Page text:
Birmingham Officials Reject Defunding, But Plan Police Reforms With Civilian Oversight

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Birmingham Mayor Randall Woodfin discusses police reforms.

The City of Birmingham's Facebook Page

After several months of study and citizen input, the City of Birmingham announced Thursday that police reforms are underway — some of which will go into effect shortly, others that will take years — with the end goal of making law enforcement more transparent and responsive to the needs of the citizens.

Highlighting a more than 100-page final report called “Reform and Reimagine Birmingham Public Safety,” city officials outlined steps to improve relations between the police and the public, improve training for police, make rules and regulations public, and ultimately increase accountability.

The city’s Public Safety Task Force included a former U.S. attorney, a retired detective, an anti-police-brutality advocate, an attorney and the co-founder of Black Lives Matter Birmingham.

But Mayor Randall Woodfin said the city will need the assistance of health care providers and citizens to make the reforms work over the long term. He rejected calls to defund the police, saying that the most common request he hears from citizens is to beef up the department and put more officers on the job.

“Every police department in the nation is different. It’s apples and oranges. And the conversation that happens in one police department may not fit what happens in another police department,” Woodfin said.

“As it relates to the city of Birmingham’s police department budget, well over 90 percent of that budget is for personnel, the actual salaries of our police officers. Unless we are saying to the public we want to let go of police officers, we’re not going to be in a position to have this conversation…

“As much as a national conversation is going on about defund the police, on the ground, a majority of voices I hear when I am in neighborhoods, when I attend neighborhood meetings, when I am speaking to everyday citizens is the actual exact opposite of defund the police. It is, ‘Mayor, please — we want more police.’”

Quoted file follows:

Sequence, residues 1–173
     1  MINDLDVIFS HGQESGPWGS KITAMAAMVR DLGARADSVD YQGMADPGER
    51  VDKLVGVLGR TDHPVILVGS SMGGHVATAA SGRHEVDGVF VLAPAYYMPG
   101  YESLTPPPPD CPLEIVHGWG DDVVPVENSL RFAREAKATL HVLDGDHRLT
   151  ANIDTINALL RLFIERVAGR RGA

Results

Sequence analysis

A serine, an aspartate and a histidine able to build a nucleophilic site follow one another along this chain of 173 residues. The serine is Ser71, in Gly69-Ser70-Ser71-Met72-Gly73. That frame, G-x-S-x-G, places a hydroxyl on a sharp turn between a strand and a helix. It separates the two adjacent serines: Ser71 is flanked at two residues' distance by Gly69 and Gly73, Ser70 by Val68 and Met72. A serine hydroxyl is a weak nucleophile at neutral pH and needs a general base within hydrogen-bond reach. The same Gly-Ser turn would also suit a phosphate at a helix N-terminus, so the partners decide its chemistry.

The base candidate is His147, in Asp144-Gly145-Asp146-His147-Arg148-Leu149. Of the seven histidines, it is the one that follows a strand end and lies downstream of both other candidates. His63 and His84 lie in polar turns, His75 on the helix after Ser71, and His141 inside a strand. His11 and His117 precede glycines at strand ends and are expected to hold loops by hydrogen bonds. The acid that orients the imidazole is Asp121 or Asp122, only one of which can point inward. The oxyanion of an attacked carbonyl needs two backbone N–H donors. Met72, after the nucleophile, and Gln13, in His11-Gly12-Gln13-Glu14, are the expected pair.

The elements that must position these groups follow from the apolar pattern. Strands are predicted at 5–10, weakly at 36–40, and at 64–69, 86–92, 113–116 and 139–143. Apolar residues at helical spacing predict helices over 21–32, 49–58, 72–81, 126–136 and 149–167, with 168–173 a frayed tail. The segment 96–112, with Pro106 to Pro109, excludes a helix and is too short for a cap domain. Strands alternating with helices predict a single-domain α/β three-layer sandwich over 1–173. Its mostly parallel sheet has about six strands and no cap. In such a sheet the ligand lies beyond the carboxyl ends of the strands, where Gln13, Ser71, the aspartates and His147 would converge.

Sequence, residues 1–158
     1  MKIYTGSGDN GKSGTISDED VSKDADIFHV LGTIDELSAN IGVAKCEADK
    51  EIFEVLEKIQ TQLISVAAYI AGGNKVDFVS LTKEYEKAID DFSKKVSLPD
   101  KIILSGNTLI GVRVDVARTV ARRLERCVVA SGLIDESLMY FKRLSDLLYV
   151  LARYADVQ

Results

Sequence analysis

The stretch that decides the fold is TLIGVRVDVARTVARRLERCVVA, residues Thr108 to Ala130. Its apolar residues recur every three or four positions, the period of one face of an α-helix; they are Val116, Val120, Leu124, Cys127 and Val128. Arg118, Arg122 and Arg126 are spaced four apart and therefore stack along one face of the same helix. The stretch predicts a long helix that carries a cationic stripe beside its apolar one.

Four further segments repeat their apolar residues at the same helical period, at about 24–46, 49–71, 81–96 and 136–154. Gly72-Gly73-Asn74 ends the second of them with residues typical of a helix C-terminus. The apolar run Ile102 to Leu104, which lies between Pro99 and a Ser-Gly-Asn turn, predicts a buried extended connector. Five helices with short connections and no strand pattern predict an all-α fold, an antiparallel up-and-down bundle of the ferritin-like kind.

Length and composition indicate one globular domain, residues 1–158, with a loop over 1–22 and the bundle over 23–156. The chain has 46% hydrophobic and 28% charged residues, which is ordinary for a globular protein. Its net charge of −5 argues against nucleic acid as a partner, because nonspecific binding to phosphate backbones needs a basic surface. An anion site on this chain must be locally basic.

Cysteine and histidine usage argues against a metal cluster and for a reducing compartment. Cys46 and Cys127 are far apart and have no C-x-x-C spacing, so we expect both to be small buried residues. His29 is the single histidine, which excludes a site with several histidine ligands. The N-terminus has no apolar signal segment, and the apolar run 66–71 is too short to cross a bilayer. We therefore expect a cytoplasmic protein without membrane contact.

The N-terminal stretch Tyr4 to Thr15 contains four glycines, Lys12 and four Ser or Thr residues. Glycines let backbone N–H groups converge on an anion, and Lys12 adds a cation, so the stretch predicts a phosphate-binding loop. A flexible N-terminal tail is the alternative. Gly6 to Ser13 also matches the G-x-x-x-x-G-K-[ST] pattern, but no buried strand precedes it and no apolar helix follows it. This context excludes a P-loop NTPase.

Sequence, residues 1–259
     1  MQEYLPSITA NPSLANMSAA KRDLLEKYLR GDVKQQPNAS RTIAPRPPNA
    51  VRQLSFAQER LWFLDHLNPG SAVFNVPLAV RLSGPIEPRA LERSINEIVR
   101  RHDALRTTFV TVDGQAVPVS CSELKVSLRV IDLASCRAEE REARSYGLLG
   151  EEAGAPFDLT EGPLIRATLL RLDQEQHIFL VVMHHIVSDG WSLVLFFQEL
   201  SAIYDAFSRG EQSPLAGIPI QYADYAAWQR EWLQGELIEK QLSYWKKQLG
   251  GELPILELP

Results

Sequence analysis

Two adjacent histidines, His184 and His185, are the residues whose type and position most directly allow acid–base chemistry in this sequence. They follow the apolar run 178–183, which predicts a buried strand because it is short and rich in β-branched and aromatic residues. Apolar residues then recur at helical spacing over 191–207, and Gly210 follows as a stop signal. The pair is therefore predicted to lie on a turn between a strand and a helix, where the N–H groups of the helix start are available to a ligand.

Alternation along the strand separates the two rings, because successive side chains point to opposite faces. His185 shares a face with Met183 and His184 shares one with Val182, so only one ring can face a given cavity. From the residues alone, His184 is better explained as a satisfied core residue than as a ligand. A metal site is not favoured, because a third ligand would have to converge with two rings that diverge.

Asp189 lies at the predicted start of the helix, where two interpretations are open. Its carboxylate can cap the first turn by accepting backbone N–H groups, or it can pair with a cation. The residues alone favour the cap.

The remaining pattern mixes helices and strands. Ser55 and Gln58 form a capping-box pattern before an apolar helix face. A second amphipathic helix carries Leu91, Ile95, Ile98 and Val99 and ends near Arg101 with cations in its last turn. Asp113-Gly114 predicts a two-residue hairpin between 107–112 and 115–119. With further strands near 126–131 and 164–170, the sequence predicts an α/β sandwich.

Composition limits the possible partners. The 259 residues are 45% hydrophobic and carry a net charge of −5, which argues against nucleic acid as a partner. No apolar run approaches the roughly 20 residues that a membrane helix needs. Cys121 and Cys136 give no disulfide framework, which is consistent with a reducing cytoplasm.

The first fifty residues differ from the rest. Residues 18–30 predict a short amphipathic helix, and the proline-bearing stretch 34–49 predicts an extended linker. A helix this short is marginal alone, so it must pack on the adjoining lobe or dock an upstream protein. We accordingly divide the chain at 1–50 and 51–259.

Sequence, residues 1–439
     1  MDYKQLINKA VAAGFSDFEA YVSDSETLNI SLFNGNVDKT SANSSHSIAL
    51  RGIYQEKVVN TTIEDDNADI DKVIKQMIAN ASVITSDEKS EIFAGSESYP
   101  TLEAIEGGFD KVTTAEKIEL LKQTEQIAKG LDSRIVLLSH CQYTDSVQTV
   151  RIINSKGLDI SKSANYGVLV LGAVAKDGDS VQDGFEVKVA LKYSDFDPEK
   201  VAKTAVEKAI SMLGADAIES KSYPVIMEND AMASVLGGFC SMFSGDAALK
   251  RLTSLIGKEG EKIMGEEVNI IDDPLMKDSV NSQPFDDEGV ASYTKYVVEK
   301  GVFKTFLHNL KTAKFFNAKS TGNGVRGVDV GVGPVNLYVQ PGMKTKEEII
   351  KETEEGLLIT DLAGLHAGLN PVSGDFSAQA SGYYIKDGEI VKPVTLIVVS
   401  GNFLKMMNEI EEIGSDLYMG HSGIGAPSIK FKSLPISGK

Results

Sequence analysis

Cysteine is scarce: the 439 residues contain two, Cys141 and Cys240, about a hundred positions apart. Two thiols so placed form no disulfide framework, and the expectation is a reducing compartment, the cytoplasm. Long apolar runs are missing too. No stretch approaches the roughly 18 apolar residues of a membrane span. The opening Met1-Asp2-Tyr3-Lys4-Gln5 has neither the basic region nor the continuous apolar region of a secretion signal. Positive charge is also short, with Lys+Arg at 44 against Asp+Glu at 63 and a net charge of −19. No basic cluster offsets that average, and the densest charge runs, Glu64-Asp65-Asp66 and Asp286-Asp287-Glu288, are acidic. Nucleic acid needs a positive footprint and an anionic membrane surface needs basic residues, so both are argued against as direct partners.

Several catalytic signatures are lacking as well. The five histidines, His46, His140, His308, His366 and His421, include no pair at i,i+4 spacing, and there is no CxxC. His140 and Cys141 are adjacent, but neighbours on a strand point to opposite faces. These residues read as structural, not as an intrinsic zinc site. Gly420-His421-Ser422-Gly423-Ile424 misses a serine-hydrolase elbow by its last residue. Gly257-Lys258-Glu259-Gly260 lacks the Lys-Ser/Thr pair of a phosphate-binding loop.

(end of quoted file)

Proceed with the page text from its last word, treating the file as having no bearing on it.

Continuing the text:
Although the Birmingham reform initiatives are connected with the national Eight Can’t Wait campaign, modifications exist based on the relationships between Birmingham police officers and the community. The task force “recommended initiatives that address community engagement, better policy and better oversight as well as training and education and safety and wellness,” Woodfin said.

“It is important to understand that reform cannot happen in one day. Reform doesn’t happen in one week or one month. That is an ongoing process that takes time,” the mayor said. “However, I remain committed along, with Hunter Williams, the chair of the Public Safety Committee and the entire City Council in establishing a public safety agenda to improve matters for our residents as well as our police department … I remain on a path to get to where we need to be, and that is to be transparent, proactive and responsive to build a safe, healthy as well as an equitable future for citizens and our community.”

While some elements of the agenda will take a year or longer to implement, the mayor said some things can be put in place relatively quickly.

One of the first, he said, is that starting Friday, Dec. 18, “Social workers will partner with officers from West Precinct to address misdemeanor domestic violence incidents. The emergency advocacy team pilot program, or ‘Pete’ for short, is a pilot program which will work to break the cycle of domestic violence.”

 

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